I was recently introduced to the Miracle Question by my wife, a social worker who has used it to help people transcend hopelessness in their lives. A substantial part of my writing has unwittingly followed its example as I’ve dealt with the growing potential for humanity’s extinction and the guilt associated with helping drive other species there first. Definitions and simulations of an “ideal world;” fictional versions of what they might look like and feel like by characters who care; and poetry describing efforts by heroic “death stoppers” have resulted from creative problem-solving with both analytical and artistic dimensions.
In my latest experience, self-care has required a setting and enforcement of boundaries, practical and emotional, that enable functioning in the face of persistent news of growing breakdown in society and the natural infrastructure that it depends upon. I examined the relationships between what I thought and how I felt from the perspective of cognitive behavioral therapy, coupled with an honest appraisal of my responsibility for conditions I automatically chose to feel guilty about. I finally found a job to recoup financial losses during my self-imposed hiatus that had unfortunately coincided with the onset of the COVID pandemic and the predations of a much more irresponsible mob.
Understanding how easy it is for me to expect and therefore detect the existence of catastrophic failure modes in every system around me, including myself, I have allowed myself to celebrate resilience and learn to seek it out effectively as I have its opposite. This is a work in progress, as I fight fear that it too may be doomed to failure.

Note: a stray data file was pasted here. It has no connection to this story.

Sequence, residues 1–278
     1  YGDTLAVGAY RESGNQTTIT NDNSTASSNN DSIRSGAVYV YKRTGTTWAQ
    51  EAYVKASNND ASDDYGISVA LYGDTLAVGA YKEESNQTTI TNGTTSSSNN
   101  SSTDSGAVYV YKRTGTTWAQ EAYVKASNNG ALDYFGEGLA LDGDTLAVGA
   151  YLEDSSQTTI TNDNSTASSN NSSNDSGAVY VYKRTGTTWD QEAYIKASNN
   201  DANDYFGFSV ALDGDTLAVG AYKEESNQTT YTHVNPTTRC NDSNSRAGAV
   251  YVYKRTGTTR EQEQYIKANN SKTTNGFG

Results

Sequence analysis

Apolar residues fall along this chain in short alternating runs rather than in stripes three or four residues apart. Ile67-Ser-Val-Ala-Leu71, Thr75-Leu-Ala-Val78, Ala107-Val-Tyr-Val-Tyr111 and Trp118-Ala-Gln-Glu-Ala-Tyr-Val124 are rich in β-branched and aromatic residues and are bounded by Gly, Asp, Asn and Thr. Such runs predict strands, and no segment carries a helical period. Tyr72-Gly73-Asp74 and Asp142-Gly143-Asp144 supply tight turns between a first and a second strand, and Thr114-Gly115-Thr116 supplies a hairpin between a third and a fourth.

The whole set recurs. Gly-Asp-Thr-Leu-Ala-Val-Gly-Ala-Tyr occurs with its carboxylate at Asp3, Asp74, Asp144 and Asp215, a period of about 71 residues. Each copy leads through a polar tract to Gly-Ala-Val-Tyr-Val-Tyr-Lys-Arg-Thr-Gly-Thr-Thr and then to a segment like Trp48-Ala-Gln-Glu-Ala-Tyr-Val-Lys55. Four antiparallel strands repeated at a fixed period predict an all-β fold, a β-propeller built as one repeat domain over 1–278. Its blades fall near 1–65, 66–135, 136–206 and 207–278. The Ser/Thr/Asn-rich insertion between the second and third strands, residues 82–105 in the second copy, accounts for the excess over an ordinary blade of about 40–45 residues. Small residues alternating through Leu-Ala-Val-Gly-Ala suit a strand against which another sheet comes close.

Recently I turned to an approach that strikes a middle ground and has worked briefly in the past, sometimes as a seed for creative insight. I searched for simple overarching variables that could define a better state in the experiences at hand. During a walk at a nearby reservoir I instead seized on a simple value statement based on what I have already discovered: everything comes down to how well we live and how long we live. I explored one aspect of this statement in a video I made during that walk. The three variables I identified form the basis of my historically derived model of human experience; and they can be appreciated at all scales, including what is seen and felt on a morning stroll in a mixed setting of people, birds, plants, and artifacts.
Since then, I have mentally and emotionally processed daily experiences within this context, easily expanding my awareness to the possible configurations of all variables based on which we choose to care about in the actions that we take. This view helps, like a map, to define and plan how to achieve a set of experiences that is “better” than what (or where) they are now. Creativity replaces reactive feelings with a process for turning the perception of miracles into lived experience.